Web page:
This course (part II) is designed to extend the literacy components introduced in part I. Extended experiences will focus on maintaining a classroom structure that supports a reading-rich context in conjunction with writing-worthy opportunities for use in a variety of educational contexts. The course will feature strategies to teach habits of good readers, such as: activating schema, visualizing, questioning, determining importance, making inferences, monitoring for meaning, and synthesizing. In conjunction with explicit reading skills (part I), methodologies of writing will also be taught, focusing on the process of writing through: pre-writing, organization, writing a primary draft, multiple revisions, and final editing. The art of individual conferencing with students will be featured at length. 3 HR./WK., PLUS 15 HRS. OF FIELDWORK; 3 CR.

EDLS 3800K: Differentiated Instruction and Assessment in Collaborative Contexts I in Childhood Education
This course is the first in a two-part sequence designed to foster creative approaches to planning, implementation of instruction, and ongoing curriculum based/ authentic instruction for all children in a variety of educational settings. Participants will focus on understanding differences as a basis for planning; use diagnostic assessment in an ongoing manner to make instruction more responsive to learner need; utilize multiple forms of intelligence; assist students by frequently guiding them in making interest-based choices; use varied instructional arrangements; employ student readiness, interest, and learning profile in planning; develop multioption assignments; develop flexible use of timing; facilitate students becoming more self reliant learners; and implement multiple forms of assessment. Content specialists will inform the course activities in the areas of language arts, mathematics, science, social studies and technology (teaching modules) as per the Part 100 Regulation of the Commissioner of Education and the New York State Standards. Participants will utilize content modules and apply their acquired knowledge of assessment, differentiated instructional design and planning to the content areas studied. Regulatory requirements (Part 100 and Part 200 Rules and Regulations of the NYS Commissioner of Education) that focus on curriculum content, due process, assessment, programs and services are correlated to each of the topics covered during this course. 3 HR./WK., PLUS 15 HRS. OF FIELDWORK; 3 CR.

EDLS 3900K: Differentiated Instruction and Assessment in Collaborative Contexts II in Childhood Education
This course is the second part of a two-part sequence that extends the content addressed in Part I. Participants will focus on developing pedagogical flexibility within three broad, interconnected strands: The information to be taught (content specific to: language arts, mathematics, science, social studies, technology), how students engage with that information (process), and ways in which students demonstrate their knowledge as a result of interacting with information (product). Content areas are used to engage participants as per the Part 100 Regulation of the Commissioner of Education and the New York State Standards. Extending part I of the course, participants will elaborate on content-based modules and apply acquired knowledge of assessment, differentiated instructional design and planning to the content areas studied. In addition, regulatory requirements (Part 100 and Part 200 Rules and Regulations of the NYS Commissioner of Education) that focus on curriculum content, due process, assessment, programs and services are correlated to the topics covered during this course. 3 HR./WK., PLUS 15 HRS. OF FIELDWORK; 3 CR.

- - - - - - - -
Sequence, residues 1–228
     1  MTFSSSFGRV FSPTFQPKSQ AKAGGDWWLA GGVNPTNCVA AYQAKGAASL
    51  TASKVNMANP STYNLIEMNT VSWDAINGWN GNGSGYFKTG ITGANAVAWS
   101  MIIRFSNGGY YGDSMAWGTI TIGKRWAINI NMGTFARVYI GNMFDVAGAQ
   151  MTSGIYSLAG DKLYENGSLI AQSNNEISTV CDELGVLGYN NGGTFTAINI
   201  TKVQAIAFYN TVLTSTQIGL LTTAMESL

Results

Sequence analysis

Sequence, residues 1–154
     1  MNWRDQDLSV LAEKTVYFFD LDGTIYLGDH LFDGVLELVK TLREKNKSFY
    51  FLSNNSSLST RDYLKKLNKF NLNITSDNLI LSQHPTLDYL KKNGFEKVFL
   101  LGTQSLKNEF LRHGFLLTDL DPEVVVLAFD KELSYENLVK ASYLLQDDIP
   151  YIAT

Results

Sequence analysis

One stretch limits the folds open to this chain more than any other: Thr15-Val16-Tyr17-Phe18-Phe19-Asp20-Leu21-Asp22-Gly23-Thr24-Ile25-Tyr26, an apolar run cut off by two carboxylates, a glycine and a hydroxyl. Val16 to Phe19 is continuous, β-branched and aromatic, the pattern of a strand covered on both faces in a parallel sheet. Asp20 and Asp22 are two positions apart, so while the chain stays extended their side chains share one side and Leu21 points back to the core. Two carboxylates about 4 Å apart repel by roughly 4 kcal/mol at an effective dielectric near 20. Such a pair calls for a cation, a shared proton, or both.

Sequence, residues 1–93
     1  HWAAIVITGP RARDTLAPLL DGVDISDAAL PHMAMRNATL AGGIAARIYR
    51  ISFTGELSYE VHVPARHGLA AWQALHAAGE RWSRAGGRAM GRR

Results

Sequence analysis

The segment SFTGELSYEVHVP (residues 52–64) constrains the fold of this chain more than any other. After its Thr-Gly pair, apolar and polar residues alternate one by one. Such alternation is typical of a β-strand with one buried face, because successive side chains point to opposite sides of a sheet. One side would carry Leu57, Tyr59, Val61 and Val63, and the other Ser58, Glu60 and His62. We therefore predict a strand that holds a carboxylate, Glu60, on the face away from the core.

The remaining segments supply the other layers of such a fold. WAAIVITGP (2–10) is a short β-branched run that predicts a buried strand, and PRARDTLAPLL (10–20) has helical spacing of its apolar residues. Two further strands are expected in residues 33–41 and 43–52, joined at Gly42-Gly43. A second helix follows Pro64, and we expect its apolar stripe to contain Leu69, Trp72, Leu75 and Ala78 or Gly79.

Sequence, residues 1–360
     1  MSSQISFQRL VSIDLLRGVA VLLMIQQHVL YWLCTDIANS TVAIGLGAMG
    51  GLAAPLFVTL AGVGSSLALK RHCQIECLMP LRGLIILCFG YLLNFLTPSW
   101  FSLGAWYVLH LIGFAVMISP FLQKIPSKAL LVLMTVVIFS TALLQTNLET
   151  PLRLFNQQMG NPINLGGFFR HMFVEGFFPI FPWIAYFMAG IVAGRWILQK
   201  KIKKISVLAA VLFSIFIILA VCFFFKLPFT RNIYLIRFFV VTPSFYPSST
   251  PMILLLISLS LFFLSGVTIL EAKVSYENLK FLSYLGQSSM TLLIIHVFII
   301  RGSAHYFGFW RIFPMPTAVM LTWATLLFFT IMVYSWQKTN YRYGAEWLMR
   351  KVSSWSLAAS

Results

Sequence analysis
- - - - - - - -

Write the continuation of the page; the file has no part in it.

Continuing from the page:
EDLS 5300K: Positive Approaches for Challenging Behaviors
This course is designed to assist participants to make informed choices about how to analyze a “behavior issue” in the classroom and school context. Participants will learn how to develop multiple positive approaches for extinguishing difficult behaviors. Traditional as well as alternative behavioral interventions will be considered including an overview of the traditional (i.e., controlling) behavioral approaches and practices typically used with students with intellectual or emotional disabilities. Readings and activities will encourage examination of the conceptual foundations and underlying principles of such approaches for use in an inclusive society. The central feature of this course, however, will be on interactive intervention alternatives that alleviate frustrations for students with disabilities, focus on their needs and wishes, and support them in taking control of their lives. The final project will require participants to apply an approach to the management of difficult behaviors they find most suitable in their classrooms. 3 HR./WK., PLUS 15–20 HRS. OF FIELDWORK; 3 CR.

EDLS 5700G: Practicum in Teaching Special Education
An advanced course to assess and develop teaching skills in various special education settings under supervision in the field and in an integrative seminar. Individual conferences to review teaching strategies, materials, and techniques. Department permission required. 3 HR./WK.; 3 CR.

EDLS 6100I: Working with Parents of Children with Disabilities